Complex issues of compliance continue to make an impact

September 1, 2006

One in three (33%) U.S. adults who have been prescribed drugs to take regularly report that they are often or very often not compliant with their medications.

Medication compliance was a problem three years ago, as reported in a 2003 issue of MANAGED HEALTHCARE EXECUTIVE, and its weight can still be felt today. One in three (33%) U.S. adults who have been prescribed drugs to take regularly report that they are often or very often not compliant with their medications.

Although many reasons lie behind non-compliance, a study conducted by Wall Street Journal/Harris Interactive shows that 64% of respondents with drugs prescribed in the last year cite forgetfulness as the main reason for non-compliance; 45% are concerned about the medication; and 43% believe the drug is unnecessary. Other barriers to adherence, according to the study, include financial reasons, dangerous side effects, a belief that the drugs are ineffective and asymptomatic patients who do not perceive value from a drug.

These frightening statistics result in an additional $100 billion in healthcare costs annually, according to a study from The New England Journal of Medicine. On the upside, however, these data are pushing healthcare organizations to develop programs to promote medication compliance-from chronic illness self-management and reminders to education and "smart pill bottles."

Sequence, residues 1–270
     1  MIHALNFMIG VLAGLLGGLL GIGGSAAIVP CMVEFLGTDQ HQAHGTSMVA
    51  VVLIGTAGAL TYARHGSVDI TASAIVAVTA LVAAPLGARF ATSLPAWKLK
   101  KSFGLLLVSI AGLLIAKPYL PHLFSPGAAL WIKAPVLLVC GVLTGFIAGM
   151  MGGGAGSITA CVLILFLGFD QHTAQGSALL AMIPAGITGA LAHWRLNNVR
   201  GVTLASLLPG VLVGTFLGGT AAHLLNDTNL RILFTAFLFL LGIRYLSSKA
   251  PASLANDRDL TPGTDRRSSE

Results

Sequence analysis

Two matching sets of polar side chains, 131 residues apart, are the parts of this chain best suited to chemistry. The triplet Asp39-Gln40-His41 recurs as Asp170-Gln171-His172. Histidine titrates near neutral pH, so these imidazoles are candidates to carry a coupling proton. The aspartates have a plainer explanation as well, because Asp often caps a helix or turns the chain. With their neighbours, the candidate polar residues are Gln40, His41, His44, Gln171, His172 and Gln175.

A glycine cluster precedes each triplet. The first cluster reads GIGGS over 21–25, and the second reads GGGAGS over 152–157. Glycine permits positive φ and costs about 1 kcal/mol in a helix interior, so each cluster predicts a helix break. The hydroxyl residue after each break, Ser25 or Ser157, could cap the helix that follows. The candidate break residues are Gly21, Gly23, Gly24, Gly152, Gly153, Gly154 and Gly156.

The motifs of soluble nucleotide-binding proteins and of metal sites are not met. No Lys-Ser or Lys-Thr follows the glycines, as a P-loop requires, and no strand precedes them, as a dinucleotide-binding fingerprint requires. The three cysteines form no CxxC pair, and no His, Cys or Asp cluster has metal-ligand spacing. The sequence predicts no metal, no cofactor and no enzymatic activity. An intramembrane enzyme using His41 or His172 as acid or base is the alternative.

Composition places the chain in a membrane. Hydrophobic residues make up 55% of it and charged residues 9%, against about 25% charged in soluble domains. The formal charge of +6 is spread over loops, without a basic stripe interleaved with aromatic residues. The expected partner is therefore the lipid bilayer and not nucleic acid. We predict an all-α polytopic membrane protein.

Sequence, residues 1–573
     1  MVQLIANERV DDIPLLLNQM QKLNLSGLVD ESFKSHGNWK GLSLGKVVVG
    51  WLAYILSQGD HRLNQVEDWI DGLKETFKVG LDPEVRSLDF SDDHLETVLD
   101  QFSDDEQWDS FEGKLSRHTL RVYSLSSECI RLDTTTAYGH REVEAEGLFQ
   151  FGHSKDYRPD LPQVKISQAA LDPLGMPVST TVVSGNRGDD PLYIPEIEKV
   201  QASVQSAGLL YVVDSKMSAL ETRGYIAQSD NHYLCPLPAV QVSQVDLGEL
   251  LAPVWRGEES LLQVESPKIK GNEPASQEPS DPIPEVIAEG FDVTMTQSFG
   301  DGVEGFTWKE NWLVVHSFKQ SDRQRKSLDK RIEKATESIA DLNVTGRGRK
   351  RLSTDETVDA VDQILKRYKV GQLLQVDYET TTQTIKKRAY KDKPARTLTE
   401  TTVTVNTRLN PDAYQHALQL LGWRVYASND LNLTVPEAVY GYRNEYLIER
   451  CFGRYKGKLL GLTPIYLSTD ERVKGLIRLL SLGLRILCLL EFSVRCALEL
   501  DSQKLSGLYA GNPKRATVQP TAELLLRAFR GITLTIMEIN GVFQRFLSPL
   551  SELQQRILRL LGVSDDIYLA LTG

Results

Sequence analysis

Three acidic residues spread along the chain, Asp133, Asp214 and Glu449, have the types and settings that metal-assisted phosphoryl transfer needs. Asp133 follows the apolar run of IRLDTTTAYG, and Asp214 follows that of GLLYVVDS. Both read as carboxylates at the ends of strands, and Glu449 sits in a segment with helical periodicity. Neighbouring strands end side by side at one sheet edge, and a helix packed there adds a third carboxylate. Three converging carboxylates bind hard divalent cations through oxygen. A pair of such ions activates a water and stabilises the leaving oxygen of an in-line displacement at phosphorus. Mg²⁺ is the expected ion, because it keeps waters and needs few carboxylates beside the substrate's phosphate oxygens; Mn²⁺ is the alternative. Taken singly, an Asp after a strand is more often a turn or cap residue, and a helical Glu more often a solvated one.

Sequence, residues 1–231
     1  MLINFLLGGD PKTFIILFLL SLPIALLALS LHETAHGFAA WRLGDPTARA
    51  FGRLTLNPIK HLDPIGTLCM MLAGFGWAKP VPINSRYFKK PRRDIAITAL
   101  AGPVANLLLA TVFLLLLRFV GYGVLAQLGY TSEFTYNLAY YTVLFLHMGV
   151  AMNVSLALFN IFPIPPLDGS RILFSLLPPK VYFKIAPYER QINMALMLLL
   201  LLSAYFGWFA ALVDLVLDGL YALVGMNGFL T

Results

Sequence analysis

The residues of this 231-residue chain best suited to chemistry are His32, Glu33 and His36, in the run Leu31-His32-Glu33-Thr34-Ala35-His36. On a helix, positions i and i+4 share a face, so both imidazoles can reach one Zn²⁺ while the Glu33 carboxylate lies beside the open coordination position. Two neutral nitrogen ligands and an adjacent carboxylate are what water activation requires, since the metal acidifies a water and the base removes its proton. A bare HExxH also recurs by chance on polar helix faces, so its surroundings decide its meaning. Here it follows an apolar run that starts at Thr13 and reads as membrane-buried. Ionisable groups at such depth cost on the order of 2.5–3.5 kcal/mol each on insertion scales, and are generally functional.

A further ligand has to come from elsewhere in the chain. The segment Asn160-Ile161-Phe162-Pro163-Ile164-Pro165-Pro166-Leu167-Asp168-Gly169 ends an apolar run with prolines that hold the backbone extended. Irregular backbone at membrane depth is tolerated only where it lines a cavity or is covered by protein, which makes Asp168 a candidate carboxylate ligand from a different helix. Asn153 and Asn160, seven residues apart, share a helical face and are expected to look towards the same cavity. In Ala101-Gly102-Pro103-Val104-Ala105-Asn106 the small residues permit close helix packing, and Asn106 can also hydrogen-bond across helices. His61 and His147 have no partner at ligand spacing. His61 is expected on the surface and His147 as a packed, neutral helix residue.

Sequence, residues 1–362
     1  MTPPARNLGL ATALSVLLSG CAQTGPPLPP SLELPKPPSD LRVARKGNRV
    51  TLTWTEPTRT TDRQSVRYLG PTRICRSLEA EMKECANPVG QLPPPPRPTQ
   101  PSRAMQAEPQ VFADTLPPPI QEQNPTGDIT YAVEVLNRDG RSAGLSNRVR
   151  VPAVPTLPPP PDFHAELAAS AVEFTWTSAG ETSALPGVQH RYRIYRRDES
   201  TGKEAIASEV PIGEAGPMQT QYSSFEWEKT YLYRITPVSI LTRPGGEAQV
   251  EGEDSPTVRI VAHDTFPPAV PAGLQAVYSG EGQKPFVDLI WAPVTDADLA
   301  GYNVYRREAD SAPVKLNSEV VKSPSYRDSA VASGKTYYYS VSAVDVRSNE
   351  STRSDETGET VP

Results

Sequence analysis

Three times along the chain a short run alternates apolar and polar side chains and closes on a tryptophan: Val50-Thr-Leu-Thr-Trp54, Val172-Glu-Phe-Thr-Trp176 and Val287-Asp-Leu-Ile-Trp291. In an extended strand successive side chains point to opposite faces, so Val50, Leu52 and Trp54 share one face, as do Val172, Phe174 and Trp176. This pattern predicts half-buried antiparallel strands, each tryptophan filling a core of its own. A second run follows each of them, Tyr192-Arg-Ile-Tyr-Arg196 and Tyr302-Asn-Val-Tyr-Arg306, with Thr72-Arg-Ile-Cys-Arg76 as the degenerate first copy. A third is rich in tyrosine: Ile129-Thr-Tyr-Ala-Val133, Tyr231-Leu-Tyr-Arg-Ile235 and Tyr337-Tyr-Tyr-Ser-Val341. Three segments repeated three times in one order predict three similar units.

Overall, the study shows that money spent on medication treatments results in substantial savings when the costs of adherence to drug therapy are compared with the costs of hospitalizations and visits to the emergency room and doctor's office.

"Health plans are reluctant to adopt compliance programs because they suspect they will be expensive," says Lon Castle, MD, director, medical policy and programs for Medco, "but the long-term benefits outweigh the costs."

Medco reaches out to non-compliant patients who may be refilling their prescriptions too soon, taking too much of a drug or not filling their prescriptions at all, as well as to their physicians through reminders.

PBMS RELY ON EDUCATION

Prescription Solutions Specialty Pharmacy Program has coordinated a program that combines mail service, home infusion, care and claim management and data tracking along with disease therapy management, which educates patients and their families/caregivers about drug regimens to achieve the best clinical outcomes and minimize therapy-related adverse events.